Rethinking Eastern Europe


Empires – structures that link and incorporate peoples and territories in unequal relationships of power and which rely on subjugation — have shaped much of human history from the ancient world to the present. Studying empires can help reveal how imperialist ideology and practices developed over time and how they impacted the subjects of imperial rule. Empires produced complex political, cultural, and economic infrastructure, and East-Central European nations often evolved within, or contrary to, empires’ structure. Our Educational Platform offers materials that help to characterize imperialism in the region and the peculiarity of power, including its political, economic, cultural, and social facets. The collection presents a variety of lived experiences that were brought on by these imperial structures. We focus on relations between metropolises and colonies, nations and nationalism, imperial cities, colonialism, and postcolonial heritage.

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Primary Sources

Documents (7)

Image for Excerpt from “Lists of Settlements. Kherson Governorate” of 1868
Excerpt from “Lists of Settlements. Kherson Governorate” of 1868
The Lists of Settlements were published by the Central Statistical Committee of the Russian Empire in the 1860-1880s. Each issue was dedicated to a separate governorate. It contained information about the region’s geographical and natural situation and its history. A complete list of settlements in the province was submitted according to the alphabetical principle, according to the staff distribution with statistical materials about each place. The “Lists” contained information about the number of inhabitants; their distribution by social and national aspects; the number of houses; the number of churches and educational institutions; bazaars and markets; factories, plants and manufactories; post offices, etc. The illustration provided here is a collection dedicated to the Kherson...
Image for Sejm Discussion about the Role of Ukrainians in the General Regional Exhibition in Galicia in 1894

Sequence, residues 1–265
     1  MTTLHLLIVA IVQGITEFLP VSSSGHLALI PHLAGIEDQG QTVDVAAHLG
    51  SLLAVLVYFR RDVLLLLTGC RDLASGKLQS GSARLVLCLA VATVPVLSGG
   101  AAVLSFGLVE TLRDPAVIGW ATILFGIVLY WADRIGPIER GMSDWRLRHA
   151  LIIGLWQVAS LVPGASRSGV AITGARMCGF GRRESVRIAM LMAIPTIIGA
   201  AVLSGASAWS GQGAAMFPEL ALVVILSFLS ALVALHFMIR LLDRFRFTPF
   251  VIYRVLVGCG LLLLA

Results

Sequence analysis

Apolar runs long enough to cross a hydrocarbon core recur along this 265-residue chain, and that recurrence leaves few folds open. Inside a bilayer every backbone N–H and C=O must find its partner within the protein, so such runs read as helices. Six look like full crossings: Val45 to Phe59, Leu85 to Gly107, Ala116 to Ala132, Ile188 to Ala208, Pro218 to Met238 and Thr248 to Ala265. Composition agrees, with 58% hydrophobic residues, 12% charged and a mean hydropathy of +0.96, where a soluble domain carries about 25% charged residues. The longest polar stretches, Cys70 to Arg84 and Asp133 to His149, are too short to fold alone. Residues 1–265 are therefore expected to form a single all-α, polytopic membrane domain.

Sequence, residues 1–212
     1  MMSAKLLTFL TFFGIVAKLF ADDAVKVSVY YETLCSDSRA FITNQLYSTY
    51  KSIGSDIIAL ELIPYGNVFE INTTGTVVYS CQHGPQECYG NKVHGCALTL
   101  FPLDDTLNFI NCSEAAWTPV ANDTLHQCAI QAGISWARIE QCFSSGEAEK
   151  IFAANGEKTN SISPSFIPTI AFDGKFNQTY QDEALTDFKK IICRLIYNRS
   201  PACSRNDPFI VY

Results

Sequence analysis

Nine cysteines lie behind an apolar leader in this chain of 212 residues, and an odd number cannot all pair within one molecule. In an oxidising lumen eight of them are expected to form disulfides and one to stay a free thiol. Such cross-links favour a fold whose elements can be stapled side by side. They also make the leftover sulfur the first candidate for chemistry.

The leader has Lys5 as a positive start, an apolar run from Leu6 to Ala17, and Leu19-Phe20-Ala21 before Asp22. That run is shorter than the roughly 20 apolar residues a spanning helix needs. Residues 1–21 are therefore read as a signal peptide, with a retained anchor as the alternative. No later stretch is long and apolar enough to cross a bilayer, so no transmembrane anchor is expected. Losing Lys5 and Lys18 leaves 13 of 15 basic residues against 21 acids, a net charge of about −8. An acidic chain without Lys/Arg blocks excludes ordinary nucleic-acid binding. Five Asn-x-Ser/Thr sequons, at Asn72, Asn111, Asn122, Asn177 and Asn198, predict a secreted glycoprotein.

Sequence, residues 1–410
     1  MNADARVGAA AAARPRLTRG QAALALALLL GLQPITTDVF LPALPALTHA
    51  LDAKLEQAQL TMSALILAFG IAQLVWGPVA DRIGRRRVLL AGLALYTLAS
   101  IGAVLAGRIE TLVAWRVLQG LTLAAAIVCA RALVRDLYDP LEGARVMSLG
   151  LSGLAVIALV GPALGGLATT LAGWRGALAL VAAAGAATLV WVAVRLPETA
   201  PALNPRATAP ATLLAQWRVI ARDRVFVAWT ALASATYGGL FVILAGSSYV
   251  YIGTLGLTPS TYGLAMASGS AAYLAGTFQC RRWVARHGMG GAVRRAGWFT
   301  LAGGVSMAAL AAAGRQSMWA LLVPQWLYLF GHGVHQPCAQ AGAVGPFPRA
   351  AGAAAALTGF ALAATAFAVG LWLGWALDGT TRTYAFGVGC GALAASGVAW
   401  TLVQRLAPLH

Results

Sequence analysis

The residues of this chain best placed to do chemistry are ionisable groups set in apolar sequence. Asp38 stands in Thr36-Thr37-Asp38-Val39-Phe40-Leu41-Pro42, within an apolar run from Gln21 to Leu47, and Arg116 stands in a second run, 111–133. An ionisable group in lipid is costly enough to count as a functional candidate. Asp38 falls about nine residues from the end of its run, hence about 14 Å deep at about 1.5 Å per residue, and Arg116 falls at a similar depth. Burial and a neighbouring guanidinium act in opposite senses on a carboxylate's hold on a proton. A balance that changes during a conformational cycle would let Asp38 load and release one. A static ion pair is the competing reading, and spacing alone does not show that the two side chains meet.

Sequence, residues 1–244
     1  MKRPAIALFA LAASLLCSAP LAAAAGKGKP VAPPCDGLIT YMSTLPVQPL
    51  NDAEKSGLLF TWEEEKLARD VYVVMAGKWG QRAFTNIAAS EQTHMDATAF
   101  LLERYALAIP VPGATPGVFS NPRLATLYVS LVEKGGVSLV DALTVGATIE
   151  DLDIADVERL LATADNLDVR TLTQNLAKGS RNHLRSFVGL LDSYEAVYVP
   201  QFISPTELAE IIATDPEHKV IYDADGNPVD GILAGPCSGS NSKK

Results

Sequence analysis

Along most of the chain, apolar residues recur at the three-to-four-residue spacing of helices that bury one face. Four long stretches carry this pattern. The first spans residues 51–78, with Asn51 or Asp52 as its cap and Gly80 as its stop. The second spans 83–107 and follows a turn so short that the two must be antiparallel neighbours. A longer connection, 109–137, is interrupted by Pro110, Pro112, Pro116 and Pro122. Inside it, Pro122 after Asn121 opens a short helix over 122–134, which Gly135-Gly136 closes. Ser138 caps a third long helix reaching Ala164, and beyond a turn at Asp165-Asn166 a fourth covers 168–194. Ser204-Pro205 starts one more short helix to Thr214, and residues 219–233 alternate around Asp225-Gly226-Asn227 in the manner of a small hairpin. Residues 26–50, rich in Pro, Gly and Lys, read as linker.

Sejm Discussion about the Role of Ukrainians in the General Regional Exhibition in Galicia in 1894
The document presents a discussion between Ukrainian and Polish deputies in the Galician Sejm taking place in Lviv on May, 15, 1893. One of the issues during that day session was about the report of the budget commission requested by the executive committee of the 1894 Regional Exhibition on allocating a subvention the exhibition’s implementation. Despite the financial component of the matter, the discussion went beyond to a broader political dimension and showed Polish-Ukrainian relations in Galicia in the end of the 19th century. The first rapporteur among the Ukrainian deputies was Yaroslav Kulachkovskyi, director of the Dnister insurance company. He spoke about the goal of the future exhibition presented by the executive...
Excerpt of Lesya Ukrainka’s letter to Mykhailo Kryvyniuk about “fraternal peoples” 1903
A writer Larysa Kosach [Lesya Ukrainka], in a letter to a friend, an ideological and political like-minded member of the Ukrainian Social Democratic Party, at that time a forced emigrant from the Russian Empire settled in Lviv, Mykhailo Kryvyniuk, writes his impressions of the publishing discussions that took place during those times in Russian liberal circles on the matter of non-Russian languages and the general language policy of Russian “oppositionists” of the early twentieth century.
The echo of the Russian revolutionary events of 1905 in Lviv in the interpretations of the local press
On Monday, January 31, 1905, the Polish Social Democratic Party of Galicia and Silesia (PPSD) initiated a meeting at the People's Theater on Shainokha Street in Lviv to discuss the revolutionary situation in Russia. Four Lviv newspapers (Gazeta Lwowska, Dilo, Kurjer Lwowski, Słowo Polskie) covered this event differently, depending on their ideological positions, political agenda, and target audiences. These publications reflect the ideological palette of the leading newspapers of the then Galicia about one historical event. This source allows us to analyze the algorithms of the design and functioning of information policies and the impact of the press.
Letter of Lesya Ukrainka to Mykhailo Pavlyk about Ukrainian subordination to two different empires, 1903
An author Larysa Kosach [Lesya Ukrainka], in her letter to the Ukrainian politician, a subject of the Austrian Empire, Mykhaylo Pavlyk, writes about the plan for her emigration from Russia. The letter was written in 1903 from San Remo, where the writer was undergoing medical treatment. That is why the author could afford writing quite frankly, without hiding in front of the then Russian imperial censorship. Otherwise, in case of getting the letter, they would only let it pass sometimes. At least the Soviet censorship had not missed the most interesting fragment of the Ukrainka' message. They deleted it from the publication in the 12-volume edition of the writer's works compiled in 1979....